Many classes, even those that are traditional “on site” classes and are not online, now have an online “learning management system” course website (sometimes called the “course shell” or simply “course website.”)
These course shells generally feature a place to post announcements and documents, a way to email the entire class or individual students, and an online gradebook where the instructor can record grades for students to view their individual progress. While some instructors may scoff at these websites, especially if they meet face-to-face with their students daily or several times a week, there are numerous advantages to such a system. The overarching advantage is that the learning management system increases student self-responsibility for their learning by eliminating a lot of the “I didn’t know” and “I lost/didn’t get the papers” excuses and in general adds an extra method to communicate and connect with students.
Use Your Class Learning Management System Effectively
Emails to Students
An obvious primary advantage of the course shell is the ability to send out email blasts/reminders to students Sunday if you’ve forgotten to announce something important, such as the meeting in the library for a tour Monday morning. An equal disadvantage is the students who claim that they didn’t get the email, mainly because their student account is not the main account they check (I just got a snippy email from a colleague on this very issue, of sending out an email to what was not her main account.) A proactive method of dealing with this is to advise--and remind as necessary--students that it is their responsibility to have their student email forwarded to whatever account they check regularly.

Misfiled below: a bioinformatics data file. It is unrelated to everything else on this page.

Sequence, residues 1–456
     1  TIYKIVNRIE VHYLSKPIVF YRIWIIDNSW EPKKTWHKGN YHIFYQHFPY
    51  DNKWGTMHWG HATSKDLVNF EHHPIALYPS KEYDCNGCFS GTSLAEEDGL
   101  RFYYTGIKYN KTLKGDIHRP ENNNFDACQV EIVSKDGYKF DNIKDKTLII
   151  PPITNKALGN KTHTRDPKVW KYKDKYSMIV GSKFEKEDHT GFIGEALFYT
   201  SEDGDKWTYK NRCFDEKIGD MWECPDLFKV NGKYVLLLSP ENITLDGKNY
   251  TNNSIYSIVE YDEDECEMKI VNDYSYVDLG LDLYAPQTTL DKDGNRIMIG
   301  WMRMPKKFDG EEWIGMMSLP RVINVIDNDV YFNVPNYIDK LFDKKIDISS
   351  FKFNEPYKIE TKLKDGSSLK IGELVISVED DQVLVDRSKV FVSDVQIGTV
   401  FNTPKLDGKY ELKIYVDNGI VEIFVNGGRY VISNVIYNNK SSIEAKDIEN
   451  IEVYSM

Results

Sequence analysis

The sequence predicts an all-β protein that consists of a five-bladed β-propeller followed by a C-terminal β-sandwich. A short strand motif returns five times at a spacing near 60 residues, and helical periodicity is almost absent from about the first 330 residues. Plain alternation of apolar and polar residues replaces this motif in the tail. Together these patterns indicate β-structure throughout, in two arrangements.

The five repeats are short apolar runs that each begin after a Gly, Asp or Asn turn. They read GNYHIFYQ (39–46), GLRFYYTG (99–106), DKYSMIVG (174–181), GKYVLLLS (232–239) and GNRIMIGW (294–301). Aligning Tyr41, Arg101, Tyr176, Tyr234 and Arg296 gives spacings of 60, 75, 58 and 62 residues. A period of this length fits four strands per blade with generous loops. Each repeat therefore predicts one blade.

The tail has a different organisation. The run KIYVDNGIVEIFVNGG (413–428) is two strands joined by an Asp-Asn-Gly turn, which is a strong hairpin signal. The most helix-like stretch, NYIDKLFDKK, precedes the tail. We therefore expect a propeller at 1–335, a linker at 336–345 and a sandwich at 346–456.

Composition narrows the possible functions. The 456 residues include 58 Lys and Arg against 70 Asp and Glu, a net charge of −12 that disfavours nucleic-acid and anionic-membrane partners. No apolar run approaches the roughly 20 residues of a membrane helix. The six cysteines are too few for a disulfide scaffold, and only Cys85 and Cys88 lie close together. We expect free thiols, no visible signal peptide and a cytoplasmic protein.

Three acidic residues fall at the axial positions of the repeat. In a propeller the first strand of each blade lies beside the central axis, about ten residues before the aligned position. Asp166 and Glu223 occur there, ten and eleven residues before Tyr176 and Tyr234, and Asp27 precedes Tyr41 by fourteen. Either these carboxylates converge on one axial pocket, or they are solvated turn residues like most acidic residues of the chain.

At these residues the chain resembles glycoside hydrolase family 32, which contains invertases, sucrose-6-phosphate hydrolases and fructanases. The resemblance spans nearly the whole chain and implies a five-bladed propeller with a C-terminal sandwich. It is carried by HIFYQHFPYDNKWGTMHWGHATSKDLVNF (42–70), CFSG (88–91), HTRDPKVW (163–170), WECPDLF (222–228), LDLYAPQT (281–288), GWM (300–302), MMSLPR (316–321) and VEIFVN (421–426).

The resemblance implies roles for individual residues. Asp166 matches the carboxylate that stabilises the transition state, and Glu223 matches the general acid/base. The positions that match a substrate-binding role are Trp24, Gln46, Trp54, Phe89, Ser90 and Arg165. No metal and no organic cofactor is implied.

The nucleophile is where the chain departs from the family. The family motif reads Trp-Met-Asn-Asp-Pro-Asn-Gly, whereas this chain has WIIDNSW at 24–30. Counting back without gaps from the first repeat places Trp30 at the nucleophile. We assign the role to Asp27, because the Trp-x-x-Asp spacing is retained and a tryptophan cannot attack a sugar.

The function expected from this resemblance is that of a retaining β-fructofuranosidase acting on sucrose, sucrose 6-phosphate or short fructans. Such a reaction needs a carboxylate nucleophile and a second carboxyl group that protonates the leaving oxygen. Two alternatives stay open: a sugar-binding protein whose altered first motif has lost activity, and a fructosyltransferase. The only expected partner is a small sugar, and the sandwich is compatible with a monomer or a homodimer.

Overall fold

Posting of Announcements
Another major advantage of the course learning management system is the ability to post announcements on the homepage. I used to run copies and pass out the weekly schedule Monday morning; now students are habituated to checking the site Sunday night for that week’s activities, saving paper and better preparing students so that they know which materials to bring to class. I also copy and paste important emails to the announcements page as a kind of permanent record. Students who miss class are therefore able to just check the homepage rather than call the instructor or classmates.
Posting of Documents
Tired (and feeling guilty) about the expense and wasted trees in running off all of those multiple-page documents for class? Back really aching from carrying them around? Now just post them on the course shell for students to download or refer to as necessary. This also creates a permanent “database” of all of your course’s most important documents, in case of contingencies such as students “losing” them or not getting them due to an absence.